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The Yard Waste Conundrum
 

Picture small stacks of untended yard waste moldering away in countless backyards across the County, producing smelly methane laden gas and spewing it into the atmosphere. Then picture that same yard waste deposited in the Cherry Island landfill, still moldering away and still producing smelly methane gas – but now where a network of pipes collects the gas and sells much of it to nearby Delmarva for $100,000 annually.

The truth is that all our homes continually have yard waste to contend with. We have the freedom to dispose of it individually, or collectively. Many “experts” and many vendors are offering suggestions for dealing with this situation, but few pause to also share the never changing science of the situation. Which isn’t really complicated.

All yard waste will eventually decompose into dust in accordance with life’s natural organic cycle. Otherwise the floors of our forests would be several feet deep with the debris from bushes and grasses, leaves and branches, and even dead trees that accumulate, year-after-year. We want our yards to be a bit more neat than the forest floor, so we continually remove the debris and seek a method of orderly disposal.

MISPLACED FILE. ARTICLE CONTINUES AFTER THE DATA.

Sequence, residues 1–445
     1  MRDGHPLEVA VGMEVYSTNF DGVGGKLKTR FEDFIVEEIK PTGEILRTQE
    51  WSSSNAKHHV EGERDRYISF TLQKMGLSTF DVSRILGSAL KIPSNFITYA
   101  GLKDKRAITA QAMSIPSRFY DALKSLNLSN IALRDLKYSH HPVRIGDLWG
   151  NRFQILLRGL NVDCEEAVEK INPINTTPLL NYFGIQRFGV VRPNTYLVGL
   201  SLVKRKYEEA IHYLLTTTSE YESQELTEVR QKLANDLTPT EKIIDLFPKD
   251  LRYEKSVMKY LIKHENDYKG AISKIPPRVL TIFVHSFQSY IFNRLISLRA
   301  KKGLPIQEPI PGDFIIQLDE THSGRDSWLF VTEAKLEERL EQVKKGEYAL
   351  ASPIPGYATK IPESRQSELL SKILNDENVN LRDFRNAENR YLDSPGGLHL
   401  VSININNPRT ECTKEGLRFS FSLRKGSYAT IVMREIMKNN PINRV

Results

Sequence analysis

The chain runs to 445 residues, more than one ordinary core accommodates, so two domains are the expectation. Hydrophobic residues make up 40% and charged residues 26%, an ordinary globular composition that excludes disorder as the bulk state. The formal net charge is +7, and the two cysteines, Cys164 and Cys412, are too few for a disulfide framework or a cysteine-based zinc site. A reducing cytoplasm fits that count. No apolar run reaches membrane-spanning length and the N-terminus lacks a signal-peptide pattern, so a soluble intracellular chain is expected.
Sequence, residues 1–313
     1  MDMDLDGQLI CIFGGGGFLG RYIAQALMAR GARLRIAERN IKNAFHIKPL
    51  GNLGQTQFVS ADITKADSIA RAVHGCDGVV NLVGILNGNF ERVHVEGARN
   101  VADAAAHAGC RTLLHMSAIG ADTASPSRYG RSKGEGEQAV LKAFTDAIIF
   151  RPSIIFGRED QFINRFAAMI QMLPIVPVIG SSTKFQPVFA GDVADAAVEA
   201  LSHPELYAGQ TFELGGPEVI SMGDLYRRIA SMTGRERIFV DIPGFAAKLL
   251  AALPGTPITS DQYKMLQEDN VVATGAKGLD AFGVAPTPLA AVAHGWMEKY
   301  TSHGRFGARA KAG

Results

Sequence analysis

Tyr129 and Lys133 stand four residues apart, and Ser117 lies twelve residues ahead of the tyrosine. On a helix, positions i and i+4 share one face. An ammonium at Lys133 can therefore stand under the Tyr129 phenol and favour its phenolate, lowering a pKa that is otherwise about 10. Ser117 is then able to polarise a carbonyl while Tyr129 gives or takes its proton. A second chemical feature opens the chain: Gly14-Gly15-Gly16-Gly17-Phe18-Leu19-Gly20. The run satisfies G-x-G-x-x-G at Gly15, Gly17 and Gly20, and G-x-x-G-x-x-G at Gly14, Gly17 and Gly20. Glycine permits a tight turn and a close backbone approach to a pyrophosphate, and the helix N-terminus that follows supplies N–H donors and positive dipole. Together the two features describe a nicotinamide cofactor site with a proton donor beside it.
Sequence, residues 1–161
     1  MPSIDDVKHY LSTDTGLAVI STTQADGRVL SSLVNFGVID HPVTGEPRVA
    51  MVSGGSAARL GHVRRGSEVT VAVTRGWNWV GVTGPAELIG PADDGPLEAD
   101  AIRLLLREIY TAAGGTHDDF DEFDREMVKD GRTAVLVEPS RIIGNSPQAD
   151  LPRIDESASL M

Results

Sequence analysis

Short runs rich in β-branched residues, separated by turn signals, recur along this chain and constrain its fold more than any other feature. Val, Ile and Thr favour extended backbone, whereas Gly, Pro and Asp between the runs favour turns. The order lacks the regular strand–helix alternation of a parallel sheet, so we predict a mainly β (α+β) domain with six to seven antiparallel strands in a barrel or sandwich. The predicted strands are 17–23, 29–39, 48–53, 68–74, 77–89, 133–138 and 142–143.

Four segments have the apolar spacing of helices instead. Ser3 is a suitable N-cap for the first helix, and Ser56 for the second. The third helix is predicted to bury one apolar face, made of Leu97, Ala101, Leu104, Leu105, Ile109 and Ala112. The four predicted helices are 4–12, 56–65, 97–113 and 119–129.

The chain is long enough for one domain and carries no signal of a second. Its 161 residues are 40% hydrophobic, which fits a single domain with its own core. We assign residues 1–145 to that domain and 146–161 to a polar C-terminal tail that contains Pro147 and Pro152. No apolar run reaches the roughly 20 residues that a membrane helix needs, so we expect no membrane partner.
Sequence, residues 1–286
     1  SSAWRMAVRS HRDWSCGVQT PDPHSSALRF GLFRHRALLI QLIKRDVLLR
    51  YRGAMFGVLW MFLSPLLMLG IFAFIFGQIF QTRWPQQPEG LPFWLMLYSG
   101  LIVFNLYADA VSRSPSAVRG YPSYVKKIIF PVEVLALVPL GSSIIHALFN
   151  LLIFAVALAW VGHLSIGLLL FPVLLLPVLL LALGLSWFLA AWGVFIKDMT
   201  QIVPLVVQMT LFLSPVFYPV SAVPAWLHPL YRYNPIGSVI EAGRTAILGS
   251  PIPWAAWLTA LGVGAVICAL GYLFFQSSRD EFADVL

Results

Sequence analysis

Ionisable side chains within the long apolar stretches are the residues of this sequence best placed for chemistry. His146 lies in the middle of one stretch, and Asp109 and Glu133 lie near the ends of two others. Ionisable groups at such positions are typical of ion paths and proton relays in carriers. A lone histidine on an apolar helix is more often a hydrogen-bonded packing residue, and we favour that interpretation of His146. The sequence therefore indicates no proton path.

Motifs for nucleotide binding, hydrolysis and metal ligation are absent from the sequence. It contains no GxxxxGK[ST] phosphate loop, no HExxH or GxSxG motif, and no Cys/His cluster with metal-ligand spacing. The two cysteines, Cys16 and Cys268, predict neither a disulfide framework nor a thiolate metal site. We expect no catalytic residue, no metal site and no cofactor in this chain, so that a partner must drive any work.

The entire yard waste disposal situation centers on the best way to collect the waste and deliver it to a central disposal site. Plus the need to aerate the stacked up waste weekly (preventing production of methane gas) or collecting the gas which will otherwise form.

Only Cherry Island has the pipes in place to collect the gas and a customer to buy it.

Incidentally, Cherry Island is not being overwhelmed by yard waste. Historically, yard waste has amounted to 90,000 cubic yards, raising the landfill height some 4 ˝ inches annually. Even this shrinks with passing years, as in nature’s life cycle with the forest floor.

So how should the yard waste be collected and where should it be deposited. Do we really need multiple companies serving each community, with big trucks passing each other, belching diesel exhaust while each picks up a few bundles and bags of yard waste – with what assurance of ecologically correct final disposal.

Various companies are now profitably engaged in collecting and disposing of yard waste. Any change dictated by government will affect their finances and thus should be imposed sensitively. Of course the convenience of, and the expense to homeowners, should also be included in the equation.

Dan Bockover


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